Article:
I am not sure if I making some very fundamental mistake. But Gallian says that $2x^2+4$ is reducible over $\mathbb C$.

If $D$ be an integral domain. A polynomial $f(x)$ from $D[x]$ is said to be irreducible over $D$ if whenever $f(x)$ is expressed as a product $f(x)=g(x)h(x)~~|~~g(x),h(x) \in D[x]$, then $g(x)$ or $h(x)$ is a unit in $D[x]$

$2x^2+4= 2(x^2+2)$ and $2$ is clearly a unit in $\mathbb C$. Hence, it should be irreducible right?

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    $\begingroup$ Er, $2x^2+4=2(x+i\sqrt{2})(x-i\sqrt{2})$ In particular, $\Bbb C$ is algebraically closed, so all polynomials factor into linear terms. $\endgroup$ Jul 22 '14 at 7:56
  • $\begingroup$ Yeah, .. But the condition says that either one of the factors should be a unit. $2$ is a unit in $\mathbb C$ ? $\endgroup$
    – MathMan
    Jul 22 '14 at 7:57
  • $\begingroup$ Yes, but the polynomial factors aren't units. In particular let $h(x)=2(x+i\sqrt{2}),\, g(x) = (x-i\sqrt{2})$ $\endgroup$ Jul 22 '14 at 7:58
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    $\begingroup$ The condition says that every factorization has one of them is a unit, not just some factorization has one factor a unit. I've given you one which fails that, hence it's not irreducible. $\endgroup$ Jul 22 '14 at 8:01
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    $\begingroup$ No problem, glad to help. It happens to the best of us. $\endgroup$ Jul 22 '14 at 8:05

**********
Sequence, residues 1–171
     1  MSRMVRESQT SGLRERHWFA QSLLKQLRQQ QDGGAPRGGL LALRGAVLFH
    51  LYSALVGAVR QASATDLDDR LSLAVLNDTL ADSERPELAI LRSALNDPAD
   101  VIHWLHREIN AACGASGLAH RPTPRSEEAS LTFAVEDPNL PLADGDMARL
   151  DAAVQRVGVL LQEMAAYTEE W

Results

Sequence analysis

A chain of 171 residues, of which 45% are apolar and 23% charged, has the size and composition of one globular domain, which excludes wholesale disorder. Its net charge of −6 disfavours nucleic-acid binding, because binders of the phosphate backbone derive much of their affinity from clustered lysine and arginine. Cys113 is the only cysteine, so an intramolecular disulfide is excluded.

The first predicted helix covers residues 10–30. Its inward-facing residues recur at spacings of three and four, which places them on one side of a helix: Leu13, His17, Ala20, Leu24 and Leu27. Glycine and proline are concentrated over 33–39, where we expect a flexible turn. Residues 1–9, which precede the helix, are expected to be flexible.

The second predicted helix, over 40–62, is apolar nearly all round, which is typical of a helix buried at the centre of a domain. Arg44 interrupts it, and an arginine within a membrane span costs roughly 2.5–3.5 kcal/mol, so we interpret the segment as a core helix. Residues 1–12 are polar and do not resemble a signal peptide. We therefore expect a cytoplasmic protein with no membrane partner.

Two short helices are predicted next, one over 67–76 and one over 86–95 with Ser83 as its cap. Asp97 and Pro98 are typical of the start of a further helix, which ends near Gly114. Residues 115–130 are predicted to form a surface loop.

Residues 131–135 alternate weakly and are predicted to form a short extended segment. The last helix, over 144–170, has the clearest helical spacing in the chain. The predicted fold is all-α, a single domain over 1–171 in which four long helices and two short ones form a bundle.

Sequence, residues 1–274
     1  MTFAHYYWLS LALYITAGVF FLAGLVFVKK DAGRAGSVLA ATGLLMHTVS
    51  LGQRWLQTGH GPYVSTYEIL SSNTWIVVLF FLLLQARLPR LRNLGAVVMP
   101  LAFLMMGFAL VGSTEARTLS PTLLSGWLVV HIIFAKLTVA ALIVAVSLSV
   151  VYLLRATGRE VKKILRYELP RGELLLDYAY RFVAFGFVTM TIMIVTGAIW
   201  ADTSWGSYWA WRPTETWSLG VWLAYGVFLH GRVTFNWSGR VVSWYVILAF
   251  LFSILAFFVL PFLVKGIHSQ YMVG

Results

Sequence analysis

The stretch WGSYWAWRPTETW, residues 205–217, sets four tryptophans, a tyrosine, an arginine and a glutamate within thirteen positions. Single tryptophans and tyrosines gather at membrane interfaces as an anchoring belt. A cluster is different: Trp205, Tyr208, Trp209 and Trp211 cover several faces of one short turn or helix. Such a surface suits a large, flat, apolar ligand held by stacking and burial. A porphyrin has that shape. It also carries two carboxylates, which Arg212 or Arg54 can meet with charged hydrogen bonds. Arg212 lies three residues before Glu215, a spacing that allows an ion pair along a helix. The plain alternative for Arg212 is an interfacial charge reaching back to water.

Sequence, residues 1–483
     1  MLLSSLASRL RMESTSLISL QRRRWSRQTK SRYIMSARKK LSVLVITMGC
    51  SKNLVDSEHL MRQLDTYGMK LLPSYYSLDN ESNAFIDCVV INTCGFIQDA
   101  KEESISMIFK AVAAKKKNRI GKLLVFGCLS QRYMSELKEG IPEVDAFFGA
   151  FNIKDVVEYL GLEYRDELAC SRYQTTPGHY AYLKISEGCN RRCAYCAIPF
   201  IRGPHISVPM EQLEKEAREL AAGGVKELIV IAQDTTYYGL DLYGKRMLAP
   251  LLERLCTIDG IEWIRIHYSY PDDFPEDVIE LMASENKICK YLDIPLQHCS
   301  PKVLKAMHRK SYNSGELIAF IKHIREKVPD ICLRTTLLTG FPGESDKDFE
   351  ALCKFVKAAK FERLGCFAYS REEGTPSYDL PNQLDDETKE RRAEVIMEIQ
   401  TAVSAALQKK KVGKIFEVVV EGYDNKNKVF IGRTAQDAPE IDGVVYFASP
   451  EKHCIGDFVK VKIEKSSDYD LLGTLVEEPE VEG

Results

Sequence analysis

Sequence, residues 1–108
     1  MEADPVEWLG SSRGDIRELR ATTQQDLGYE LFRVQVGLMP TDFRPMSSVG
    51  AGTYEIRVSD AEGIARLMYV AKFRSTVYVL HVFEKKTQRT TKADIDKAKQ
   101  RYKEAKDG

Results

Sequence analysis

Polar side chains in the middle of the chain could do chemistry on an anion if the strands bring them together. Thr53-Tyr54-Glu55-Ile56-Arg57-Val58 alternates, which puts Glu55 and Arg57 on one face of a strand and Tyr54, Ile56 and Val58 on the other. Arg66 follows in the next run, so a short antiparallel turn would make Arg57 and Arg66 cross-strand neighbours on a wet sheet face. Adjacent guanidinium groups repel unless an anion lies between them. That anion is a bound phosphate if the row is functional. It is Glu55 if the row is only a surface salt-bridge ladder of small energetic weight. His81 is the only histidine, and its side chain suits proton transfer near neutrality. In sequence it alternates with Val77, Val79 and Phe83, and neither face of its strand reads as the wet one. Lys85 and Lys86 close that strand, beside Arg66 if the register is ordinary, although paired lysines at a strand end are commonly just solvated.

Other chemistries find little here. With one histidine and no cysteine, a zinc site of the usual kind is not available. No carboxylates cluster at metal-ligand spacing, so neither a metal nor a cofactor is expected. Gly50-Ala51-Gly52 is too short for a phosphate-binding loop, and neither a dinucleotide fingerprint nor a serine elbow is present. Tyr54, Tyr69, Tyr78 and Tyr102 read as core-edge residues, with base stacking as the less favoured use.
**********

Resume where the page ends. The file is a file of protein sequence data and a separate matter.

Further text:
FPE's answer and Adam Hughes' comment are great. Ignoring the fact that $\mathbb{C}$ is algebraically closed (and hence all polynomials over $\mathbb{C}$ reduce into linear factors), you can look at it in this perspective:

Consider a polynomial $f(x) \in F[x]$. If $\deg(f) = 2$ or $3$, then $f$ is irreducible $\iff$ it has no roots in $F$ (Why?). From here, we can apply the quadratic formula to prove that $g(x) = 2x^2 + 4$ has roots in $\mathbb{C}$, allowing us to conclude that it is reducible by the criterion in your original post.

In particular, if $\alpha$ and $\beta$ are roots, then $g(x) = (2x - 2\alpha)(x-\beta)$, and neither of those factors are units in $\mathbb{C}[x]$.

  • $\begingroup$ Thank you for the answer .. $\endgroup$
    – MathMan
    Jul 22 '14 at 10:08

It has to be true for every factorisation $f(x) = g(x)h(x)$, not only for the one you give. In particular, you can always write $f(x) = 1\cdot f(x)$, and $1$ is a unit, so your argument can't work.

And remember that $\mathbb C$ is algebraically closed, so that any polynomial of degree at least $2$ is reducible, since it has roots in $\mathbb C$.


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